Tuesday, April 29, 2008

Some Notes on Regional Dialog

For readers who are not familiar with working class locutions of South Boston. the works of two writers, one dead since 1999, will convince them they are hearing what Thomas Moore once referred to as "The harp that once through Tara's halls/The soul of music shed."

If not outright impossible to think so, it will be a least improbable for readers of George V. Higgins (1939-99) [The Friends of Eddie Coyle] or Dennis Lehane [Gone, Baby, Gone; Mystic River] to hear anything less than authentic cadences and tropes.

For readers of Elmore Leonard [Fifty-two Pick-up; Get Shorty], it is a given that if people want to work a scam, pull a heist, or stage some more complicated mischief, you have to talk the way Leonard's characters do in order to have a chance that your wild schemes will pay off.

If your reading tastes turn at all to the novels of Donald E. Westlake in any of his multifarious pseudonyms, you are probably convinced that Westlake has hidden microphones extending throughout the underworld, extending into places that are considering entry into the underworld.

And of course your latest assumption would be that Richard Price, particularly in his remarkable new Lush Life has similarly nailed the street authenticity of the Lower East Side.

These examples are only males, writing mostly in the crime/suspense/noir genera; Annie Proulx makes you believe you know the patois of Newfoundland and, for that matter, Wyoming; Edith Wharton will convince you she "heard" the chatter of the Manhattan upper echelons, and those delightful ladies from the South, Eudora Welty and Carson McCullers, get you convinced you are hearing Southern as it is spoke.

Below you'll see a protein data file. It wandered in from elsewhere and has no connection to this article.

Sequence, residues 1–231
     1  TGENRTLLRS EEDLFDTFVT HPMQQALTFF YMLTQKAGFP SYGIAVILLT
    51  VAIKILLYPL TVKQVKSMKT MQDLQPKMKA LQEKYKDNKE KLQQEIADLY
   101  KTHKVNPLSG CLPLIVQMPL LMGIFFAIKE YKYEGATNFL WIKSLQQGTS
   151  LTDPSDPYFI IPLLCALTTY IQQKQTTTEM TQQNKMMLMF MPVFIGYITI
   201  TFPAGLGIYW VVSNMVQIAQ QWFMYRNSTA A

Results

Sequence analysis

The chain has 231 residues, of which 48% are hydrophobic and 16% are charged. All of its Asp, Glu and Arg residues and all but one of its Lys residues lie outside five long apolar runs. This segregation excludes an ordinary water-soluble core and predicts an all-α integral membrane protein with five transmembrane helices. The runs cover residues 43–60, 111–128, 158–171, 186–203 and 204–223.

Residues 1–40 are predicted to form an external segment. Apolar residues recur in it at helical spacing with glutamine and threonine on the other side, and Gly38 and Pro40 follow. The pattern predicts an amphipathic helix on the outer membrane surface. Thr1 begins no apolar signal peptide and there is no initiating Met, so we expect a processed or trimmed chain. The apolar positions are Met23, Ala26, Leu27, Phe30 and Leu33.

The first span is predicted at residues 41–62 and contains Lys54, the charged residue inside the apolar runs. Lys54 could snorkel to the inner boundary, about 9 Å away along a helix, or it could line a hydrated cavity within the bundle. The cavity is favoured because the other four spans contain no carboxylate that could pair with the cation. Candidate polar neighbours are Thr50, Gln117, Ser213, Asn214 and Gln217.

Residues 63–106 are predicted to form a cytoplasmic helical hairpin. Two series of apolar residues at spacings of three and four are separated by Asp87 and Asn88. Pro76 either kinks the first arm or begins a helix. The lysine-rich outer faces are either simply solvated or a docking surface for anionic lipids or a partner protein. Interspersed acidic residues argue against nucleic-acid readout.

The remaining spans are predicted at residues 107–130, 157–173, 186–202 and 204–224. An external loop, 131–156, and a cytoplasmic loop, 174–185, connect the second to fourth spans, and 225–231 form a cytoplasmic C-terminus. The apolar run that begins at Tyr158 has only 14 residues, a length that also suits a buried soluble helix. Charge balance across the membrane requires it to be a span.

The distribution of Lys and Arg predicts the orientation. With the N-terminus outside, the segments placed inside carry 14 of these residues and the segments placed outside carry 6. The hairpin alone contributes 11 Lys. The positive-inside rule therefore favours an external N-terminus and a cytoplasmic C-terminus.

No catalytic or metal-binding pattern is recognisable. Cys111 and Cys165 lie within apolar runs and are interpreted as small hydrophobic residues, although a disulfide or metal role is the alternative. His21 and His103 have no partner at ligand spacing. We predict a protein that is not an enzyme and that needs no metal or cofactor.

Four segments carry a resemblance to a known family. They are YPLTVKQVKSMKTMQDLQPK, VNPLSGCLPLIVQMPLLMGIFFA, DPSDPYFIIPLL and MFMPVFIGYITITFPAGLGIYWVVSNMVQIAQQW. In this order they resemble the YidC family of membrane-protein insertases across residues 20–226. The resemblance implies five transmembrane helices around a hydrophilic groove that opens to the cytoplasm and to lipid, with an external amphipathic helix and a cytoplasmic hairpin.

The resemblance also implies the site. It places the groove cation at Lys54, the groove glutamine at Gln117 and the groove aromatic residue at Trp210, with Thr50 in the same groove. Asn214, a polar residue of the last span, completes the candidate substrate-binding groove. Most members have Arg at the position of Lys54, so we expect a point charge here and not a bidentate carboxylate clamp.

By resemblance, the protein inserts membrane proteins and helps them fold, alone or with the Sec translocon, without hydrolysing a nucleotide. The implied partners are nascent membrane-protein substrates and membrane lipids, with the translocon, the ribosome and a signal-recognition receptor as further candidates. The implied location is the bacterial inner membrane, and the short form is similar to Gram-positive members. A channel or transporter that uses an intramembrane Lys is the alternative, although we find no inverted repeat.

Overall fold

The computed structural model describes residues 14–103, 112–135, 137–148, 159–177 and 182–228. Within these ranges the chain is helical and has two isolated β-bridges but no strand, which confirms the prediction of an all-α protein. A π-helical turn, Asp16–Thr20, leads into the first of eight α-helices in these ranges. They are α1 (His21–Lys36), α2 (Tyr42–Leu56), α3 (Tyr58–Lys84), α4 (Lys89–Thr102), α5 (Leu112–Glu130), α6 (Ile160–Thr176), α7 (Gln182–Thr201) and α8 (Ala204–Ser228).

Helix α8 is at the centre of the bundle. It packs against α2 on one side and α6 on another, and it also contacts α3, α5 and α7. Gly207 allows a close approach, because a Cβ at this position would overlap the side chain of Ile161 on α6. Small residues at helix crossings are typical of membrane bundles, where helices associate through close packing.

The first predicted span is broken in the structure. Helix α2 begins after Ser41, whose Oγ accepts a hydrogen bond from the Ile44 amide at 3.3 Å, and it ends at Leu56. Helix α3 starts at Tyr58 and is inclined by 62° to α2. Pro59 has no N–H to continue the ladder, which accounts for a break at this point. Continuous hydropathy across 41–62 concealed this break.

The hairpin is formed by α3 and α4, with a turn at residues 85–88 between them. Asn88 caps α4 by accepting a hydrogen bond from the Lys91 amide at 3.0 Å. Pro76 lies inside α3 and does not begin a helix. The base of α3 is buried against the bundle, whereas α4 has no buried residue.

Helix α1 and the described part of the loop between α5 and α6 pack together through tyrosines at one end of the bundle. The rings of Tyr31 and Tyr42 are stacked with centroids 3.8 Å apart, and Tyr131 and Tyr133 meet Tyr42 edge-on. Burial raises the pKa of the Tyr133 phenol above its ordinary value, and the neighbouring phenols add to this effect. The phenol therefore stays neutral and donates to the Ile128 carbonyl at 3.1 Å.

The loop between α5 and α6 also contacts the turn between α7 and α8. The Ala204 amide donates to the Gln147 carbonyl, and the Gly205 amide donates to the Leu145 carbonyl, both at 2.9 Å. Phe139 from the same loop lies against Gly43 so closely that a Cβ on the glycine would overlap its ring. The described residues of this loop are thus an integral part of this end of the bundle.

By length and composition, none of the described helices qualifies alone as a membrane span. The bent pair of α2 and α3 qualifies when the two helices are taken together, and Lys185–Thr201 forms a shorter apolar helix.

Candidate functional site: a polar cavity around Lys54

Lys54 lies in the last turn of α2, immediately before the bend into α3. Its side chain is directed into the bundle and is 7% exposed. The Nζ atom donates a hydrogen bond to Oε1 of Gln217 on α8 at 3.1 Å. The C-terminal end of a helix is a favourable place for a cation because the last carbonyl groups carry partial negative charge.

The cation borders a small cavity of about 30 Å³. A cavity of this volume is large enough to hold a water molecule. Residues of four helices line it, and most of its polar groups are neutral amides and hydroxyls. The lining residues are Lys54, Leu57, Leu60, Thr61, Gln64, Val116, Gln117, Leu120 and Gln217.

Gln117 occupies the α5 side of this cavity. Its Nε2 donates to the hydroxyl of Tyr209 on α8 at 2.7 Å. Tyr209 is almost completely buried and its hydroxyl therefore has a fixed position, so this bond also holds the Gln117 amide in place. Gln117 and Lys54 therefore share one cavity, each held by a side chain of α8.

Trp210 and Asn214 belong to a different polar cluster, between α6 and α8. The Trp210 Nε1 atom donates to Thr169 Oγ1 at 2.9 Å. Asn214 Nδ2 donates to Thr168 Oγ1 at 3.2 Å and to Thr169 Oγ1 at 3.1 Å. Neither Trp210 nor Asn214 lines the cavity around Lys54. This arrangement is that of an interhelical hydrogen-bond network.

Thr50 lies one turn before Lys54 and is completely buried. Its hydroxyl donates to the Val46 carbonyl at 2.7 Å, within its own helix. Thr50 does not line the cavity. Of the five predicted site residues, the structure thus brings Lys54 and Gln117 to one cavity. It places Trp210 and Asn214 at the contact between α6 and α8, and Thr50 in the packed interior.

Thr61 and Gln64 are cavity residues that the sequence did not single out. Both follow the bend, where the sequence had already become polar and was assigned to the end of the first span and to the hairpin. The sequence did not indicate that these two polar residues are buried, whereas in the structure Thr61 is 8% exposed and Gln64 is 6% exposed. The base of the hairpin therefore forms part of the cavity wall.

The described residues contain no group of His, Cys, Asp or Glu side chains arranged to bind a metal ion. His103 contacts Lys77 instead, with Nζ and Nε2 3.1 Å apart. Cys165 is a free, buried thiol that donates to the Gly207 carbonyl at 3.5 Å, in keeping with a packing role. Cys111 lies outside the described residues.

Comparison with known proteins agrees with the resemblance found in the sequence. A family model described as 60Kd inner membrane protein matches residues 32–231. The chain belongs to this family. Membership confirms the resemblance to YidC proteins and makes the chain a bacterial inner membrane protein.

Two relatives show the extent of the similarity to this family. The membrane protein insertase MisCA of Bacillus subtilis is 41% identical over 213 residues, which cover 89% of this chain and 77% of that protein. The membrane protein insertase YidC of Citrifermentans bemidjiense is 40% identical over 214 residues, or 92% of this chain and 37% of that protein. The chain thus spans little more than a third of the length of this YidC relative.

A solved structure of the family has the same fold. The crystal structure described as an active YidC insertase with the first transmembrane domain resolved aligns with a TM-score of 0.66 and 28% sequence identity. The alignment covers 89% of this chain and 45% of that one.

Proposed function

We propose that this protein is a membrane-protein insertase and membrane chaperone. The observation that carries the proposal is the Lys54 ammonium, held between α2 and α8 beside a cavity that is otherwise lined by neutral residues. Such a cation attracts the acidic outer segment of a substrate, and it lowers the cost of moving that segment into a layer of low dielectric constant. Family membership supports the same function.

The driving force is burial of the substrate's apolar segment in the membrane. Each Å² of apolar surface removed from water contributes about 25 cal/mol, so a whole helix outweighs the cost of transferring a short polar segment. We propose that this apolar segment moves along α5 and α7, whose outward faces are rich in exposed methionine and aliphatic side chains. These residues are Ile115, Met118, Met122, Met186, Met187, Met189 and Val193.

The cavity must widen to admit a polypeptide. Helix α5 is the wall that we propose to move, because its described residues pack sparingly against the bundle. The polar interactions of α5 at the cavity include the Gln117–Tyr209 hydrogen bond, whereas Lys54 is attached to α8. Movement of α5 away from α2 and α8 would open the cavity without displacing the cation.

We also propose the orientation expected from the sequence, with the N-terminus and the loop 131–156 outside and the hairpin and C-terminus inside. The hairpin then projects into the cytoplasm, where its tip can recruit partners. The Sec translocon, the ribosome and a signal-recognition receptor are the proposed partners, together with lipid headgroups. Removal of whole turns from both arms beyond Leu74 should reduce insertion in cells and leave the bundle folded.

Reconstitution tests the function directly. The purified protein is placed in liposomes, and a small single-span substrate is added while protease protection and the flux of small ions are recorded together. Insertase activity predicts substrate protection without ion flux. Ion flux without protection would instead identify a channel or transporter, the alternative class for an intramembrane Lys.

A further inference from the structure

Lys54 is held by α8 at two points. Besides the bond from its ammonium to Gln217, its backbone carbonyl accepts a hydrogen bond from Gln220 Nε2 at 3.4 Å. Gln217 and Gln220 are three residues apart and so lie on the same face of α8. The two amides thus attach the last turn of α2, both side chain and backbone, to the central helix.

The fact is, all of these were and some still are excellent creators of the necessary element of dialog, not conversation but dramatic speech that reflects simultaneously character and story. 

 Each of the named examples has some experience wherein and whereof he or she may write, but each has also learned how to compress, sketch in, evoke, use irony, repetition, and a distinctive originality that makes the result appear to be authentic when it is nothing of the sort, it is what it sets out to be, dialogue, which is by nature dramatic.

The difference between these exemplary dialogists and such remarkable others as Tim Gatreaux, Charles D'Ambrosio, Jhumpa Lahire, and Junot Diaz make it seem all too easy to attempt to pick up an accent or a mannerism here or there and be perceived as authentic. 

 This is one reason why so many American writers fail so miserably, old chap, in writing English characters who are believably English, making it a near irony that English novelists have a better sense for the way dramatic American English sounds.

The trick, the real trick, the one beyond listening to the characters is to start by listening to what the characters want or do not want to happen, then to listen with all one's might to something that goes beyond an accent--listen to the story.


R.L. Bourges said...

dramatic speech summarizes it well for me - words as things happening between the characters

Anonymous said...

I have always believed that it is the characters that craft the story, despite their lack of cooperation at times, and the writer is simply the vehicle by which they make the story heard. Which is not to say that the writer does not at times have to poke, prod, plead or otherwise take drastic measures to get them to converse.